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J Neurosci. 2011 Sep 21;31(38):13676-81. doi: 10.1523/JNEUROSCI.1968-11.2011.

"Overshoot" of O₂ is required to maintain baseline tissue oxygenation at locations distal to blood vessels.

Author information

  • 1Martinos Center for Biomedical Imaging, Massachusetts General Hospital, Harvard Medical School, Charlestown, Massachusetts 02114, USA. adevor@ucsd.edu

Abstract

In vivo imaging of cerebral tissue oxygenation is important in defining healthy physiology and pathological departures associated with cerebral disease. We used a recently developed two-photon microscopy method, based on a novel phosphorescent nanoprobe, to image tissue oxygenation in the rat primary sensory cortex in response to sensory stimulation. Our measurements showed that a stimulus-evoked increase in tissue pO₂ depended on the baseline pO₂ level. In particular, during sustained stimulation, the steady-state pO₂ at low-baseline locations remained at the baseline, despite large pO₂ increases elsewhere. In contrast to the steady state, where pO₂ never decreased below the baseline, transient decreases occurred during the "initial dip" and "poststimulus undershoot." These results suggest that the increase in blood oxygenation during the hemodynamic response, which has been perceived as a paradox, may serve to prevent a sustained oxygenation drop at tissue locations that are remote from the vascular feeding sources.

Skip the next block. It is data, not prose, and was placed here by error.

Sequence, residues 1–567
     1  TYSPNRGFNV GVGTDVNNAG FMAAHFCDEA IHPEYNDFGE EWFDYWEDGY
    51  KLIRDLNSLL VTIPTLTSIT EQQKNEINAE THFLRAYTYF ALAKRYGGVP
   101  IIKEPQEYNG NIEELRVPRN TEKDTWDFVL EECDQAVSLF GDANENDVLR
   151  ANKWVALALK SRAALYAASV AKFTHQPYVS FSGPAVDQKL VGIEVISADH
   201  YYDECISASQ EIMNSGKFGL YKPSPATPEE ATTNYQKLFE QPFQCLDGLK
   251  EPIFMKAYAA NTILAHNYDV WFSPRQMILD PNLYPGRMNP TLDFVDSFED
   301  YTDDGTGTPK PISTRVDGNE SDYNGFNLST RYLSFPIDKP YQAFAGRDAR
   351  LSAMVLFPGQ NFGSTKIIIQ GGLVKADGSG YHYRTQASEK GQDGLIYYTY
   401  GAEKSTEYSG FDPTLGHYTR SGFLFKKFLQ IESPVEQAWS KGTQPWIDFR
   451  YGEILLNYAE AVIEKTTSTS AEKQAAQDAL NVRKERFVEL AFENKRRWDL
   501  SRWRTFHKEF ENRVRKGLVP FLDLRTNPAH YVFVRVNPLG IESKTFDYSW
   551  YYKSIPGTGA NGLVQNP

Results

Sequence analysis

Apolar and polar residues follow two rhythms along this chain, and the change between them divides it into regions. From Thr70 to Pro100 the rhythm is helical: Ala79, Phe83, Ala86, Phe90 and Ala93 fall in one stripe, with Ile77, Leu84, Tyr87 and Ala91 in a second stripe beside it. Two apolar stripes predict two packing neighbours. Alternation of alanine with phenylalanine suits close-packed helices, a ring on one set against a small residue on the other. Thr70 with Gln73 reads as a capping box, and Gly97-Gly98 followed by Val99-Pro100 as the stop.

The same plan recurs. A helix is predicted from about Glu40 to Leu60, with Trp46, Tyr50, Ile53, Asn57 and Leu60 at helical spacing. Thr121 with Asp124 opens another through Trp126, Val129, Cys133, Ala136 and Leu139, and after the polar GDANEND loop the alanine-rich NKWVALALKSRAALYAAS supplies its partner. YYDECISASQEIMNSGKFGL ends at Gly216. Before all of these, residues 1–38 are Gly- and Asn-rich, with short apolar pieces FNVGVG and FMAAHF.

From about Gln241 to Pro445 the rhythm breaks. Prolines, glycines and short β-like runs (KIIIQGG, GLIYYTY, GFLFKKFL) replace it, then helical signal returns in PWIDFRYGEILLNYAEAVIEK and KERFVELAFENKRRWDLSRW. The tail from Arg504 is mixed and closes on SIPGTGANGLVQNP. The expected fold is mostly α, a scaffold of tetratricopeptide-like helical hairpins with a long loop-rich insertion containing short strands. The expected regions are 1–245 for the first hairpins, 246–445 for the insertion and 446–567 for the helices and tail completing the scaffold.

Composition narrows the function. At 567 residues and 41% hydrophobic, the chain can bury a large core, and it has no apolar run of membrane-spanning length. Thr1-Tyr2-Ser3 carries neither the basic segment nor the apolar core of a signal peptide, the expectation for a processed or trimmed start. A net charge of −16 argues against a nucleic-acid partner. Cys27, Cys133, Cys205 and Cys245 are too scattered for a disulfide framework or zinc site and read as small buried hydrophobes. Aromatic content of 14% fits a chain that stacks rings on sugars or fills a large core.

PMID:
21940458
[PubMed - indexed for MEDLINE]
PMCID:
PMC3188944
Free PMC Article

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